“First, [Paul] Tanaka was responsible for the [brutal and corrupt] culture in the jails and made statements about the FBI that stoked the flames in the Department,” the prosecutors wrote. “Second, although he was a lower-ranking official, [Former lieutenant Stephen] Leavins was reporting directly to Baca and Tanaka and [was] involved in some of the egregious witness tampering. Third, [former sergeant Scott] Craig and [Maricela] Long were not only involved in the witness tampering, but also made the outrageous statements to [Special Agent] Marx and [others].
“Additionally, defendant is the only one to accept responsibility and plead guilty. Every other defendant went to trial. Defendant is also the only one to have cooperated by the time of his sentencing.”
The defense asked for a “custodial sentence” of not more than five months, with another five months of house arrest.
In addition to arguments about the importance of Carey’s 35 years of service to the LA County Sheriff’s Department, plus his cooperation with the prosecution, and the fact that he had admitted to a crime, Carey’s attorney, Andrew Stolper, described the fact that his client was caring for his ex-wife’s son because the boy’s father was dead, and his ex-wife, the boy’s mother—who is also a former department member—was gravely injured in a car wreck, which left her with “neurological issues.”
At first it appeared that Judge Anderson was going to take a hard view.
“He was a sworn officer of the law,” said Anderson, adopting his usual fierce tone. “And he came into a federal court and swore an oath to tell the truth. And then he lied.” More than once.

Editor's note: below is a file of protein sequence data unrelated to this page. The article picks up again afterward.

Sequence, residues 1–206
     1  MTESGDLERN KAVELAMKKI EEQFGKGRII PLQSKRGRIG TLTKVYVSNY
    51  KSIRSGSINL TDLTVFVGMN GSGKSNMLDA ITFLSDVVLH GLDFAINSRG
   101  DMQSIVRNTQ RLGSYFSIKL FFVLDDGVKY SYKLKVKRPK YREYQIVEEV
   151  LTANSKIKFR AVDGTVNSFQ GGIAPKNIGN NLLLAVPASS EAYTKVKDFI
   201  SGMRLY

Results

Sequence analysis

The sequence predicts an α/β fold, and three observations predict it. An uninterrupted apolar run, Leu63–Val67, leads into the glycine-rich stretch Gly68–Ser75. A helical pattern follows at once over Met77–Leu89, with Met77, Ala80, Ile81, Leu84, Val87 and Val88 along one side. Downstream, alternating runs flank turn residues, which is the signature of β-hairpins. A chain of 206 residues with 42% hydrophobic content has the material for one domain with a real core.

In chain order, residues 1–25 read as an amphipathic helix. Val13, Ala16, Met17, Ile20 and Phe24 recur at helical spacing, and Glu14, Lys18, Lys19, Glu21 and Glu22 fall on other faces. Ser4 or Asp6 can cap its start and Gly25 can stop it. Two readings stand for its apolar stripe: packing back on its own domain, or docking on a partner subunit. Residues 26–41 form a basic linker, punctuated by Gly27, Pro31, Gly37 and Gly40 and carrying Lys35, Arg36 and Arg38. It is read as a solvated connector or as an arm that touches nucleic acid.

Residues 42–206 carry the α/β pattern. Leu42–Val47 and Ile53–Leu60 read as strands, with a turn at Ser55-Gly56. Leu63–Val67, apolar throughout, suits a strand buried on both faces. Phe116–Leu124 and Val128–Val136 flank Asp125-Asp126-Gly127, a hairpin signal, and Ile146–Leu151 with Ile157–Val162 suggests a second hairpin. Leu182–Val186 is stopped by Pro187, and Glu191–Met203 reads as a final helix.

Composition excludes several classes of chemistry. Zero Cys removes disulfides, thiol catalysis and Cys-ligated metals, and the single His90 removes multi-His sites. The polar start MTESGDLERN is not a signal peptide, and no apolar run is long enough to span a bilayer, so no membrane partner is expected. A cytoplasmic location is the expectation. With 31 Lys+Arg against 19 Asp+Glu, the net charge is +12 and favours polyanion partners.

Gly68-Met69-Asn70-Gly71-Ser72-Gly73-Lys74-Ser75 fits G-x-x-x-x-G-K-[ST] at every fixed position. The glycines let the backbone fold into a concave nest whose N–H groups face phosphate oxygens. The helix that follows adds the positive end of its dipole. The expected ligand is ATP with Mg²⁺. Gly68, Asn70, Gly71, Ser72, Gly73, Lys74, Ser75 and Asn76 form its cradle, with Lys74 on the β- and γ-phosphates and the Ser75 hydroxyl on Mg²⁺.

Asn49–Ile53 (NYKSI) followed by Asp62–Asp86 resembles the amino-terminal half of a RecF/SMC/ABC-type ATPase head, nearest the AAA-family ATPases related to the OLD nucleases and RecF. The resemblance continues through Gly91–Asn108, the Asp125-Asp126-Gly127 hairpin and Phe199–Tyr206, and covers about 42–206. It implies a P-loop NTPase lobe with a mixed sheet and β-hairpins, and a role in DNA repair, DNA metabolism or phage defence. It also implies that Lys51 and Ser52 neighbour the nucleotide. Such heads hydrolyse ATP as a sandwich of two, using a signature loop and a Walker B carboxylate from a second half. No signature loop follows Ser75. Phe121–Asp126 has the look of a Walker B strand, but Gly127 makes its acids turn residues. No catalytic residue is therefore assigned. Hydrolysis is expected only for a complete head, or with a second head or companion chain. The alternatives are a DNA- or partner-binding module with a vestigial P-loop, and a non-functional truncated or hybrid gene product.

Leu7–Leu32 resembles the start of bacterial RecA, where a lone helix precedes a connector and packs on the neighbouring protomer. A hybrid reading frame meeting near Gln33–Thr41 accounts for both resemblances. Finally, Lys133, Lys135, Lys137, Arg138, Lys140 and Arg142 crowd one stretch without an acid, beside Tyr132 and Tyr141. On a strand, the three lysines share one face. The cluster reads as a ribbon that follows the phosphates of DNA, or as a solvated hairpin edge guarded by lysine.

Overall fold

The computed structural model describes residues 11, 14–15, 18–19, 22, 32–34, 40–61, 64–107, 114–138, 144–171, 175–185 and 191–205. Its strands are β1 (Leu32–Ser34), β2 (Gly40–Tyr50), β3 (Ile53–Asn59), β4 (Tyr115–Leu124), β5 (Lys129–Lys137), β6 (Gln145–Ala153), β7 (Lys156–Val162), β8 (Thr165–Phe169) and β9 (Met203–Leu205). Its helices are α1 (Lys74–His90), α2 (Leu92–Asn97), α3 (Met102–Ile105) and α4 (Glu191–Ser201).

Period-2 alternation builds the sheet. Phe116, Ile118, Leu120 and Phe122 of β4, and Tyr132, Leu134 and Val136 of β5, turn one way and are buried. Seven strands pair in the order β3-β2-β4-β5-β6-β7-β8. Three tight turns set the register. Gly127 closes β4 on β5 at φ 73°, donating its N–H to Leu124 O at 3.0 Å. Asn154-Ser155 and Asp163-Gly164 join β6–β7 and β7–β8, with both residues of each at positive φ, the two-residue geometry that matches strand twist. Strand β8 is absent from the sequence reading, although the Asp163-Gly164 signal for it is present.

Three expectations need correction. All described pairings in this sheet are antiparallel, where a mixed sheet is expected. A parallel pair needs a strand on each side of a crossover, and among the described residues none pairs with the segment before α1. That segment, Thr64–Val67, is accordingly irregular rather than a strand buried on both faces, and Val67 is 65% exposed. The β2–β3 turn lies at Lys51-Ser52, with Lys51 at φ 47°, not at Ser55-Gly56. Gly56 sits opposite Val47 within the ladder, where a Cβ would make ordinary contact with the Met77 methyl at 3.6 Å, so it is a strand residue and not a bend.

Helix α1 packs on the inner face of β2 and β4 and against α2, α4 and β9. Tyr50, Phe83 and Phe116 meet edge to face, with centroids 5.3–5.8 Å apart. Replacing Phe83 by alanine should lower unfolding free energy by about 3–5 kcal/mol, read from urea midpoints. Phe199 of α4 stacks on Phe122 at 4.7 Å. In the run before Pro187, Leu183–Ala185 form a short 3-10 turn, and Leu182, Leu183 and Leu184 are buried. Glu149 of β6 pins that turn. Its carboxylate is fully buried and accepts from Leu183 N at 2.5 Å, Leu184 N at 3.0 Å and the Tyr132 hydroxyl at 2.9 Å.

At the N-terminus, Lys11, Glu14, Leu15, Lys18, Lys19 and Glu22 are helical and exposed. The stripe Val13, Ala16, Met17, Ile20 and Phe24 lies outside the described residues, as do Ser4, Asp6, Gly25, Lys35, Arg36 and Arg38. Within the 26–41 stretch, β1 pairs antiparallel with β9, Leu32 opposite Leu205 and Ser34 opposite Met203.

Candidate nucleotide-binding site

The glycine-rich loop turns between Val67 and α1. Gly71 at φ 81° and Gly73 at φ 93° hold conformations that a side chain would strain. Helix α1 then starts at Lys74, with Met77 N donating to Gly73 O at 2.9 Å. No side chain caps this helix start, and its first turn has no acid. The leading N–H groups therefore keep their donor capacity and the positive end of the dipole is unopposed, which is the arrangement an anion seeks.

But then Anderson shifted gears. “A nine-month custodial sentence, and one year of supervised release will deter others….” he said.
“If it were not for the defendant’s cooperation,” and his years of service, the sentence would be “much more severe,” Anderson added with a glare, in case anyone thought he was temporarily going soft.
Anderson also spoke about Carey’s struggle as a single father to his ex-wife’s boy.
It was a more positive outcome than expected for Carey, who was the head of the Internal Criminal Investigative Bureau (ICIB) for the sheriff’s department, the unit that theoretically should have investigated the kind of criminal acts by department members that the FBI investigated for approximately six years, resulting in 21 convictions.
But the point was made. “Obedience to a criminal culture has serious consequences,” said Anderson.
Carey is expected to surrender to federal marshals on July 24.
POST SCRIPT: On Friday of last week, former LA County sheriff’s deputy Mickey Manzo—who was one of those ten department members convicted of obstruction charges—applied for a reduction of his 24-month prison sentence, based on what is known as the 1033 rule. Manzo too was an important witness in both of the Baca trials, and in the trial of Paul Tanaka.
Anderson reduced Manzo’s sentence to 14 months in prison, from the original 24.
While the reduction was good news, according to Manzo’s attorney, his client—who is now working for Home Depot—was just offered a promotion. Now, of course, he cannot receive it.
Manzo attempted to be good-natured when he heard the news. But, still, the reality of it was a blow.
Manzo may have been thinking of former LASD deputy James Sexton who, after cooperating with the feds, was released by Anderson in January of this year into six months of home detention followed by another six months of formal probation.
Yet, Sexton had already done four-and-a-half months in a string of federal prisons that turned out to be much harder time than anyone intended. (For more details on Sexton’s prison experience read our previous story here.)
Manzo’s reporting date is June 2.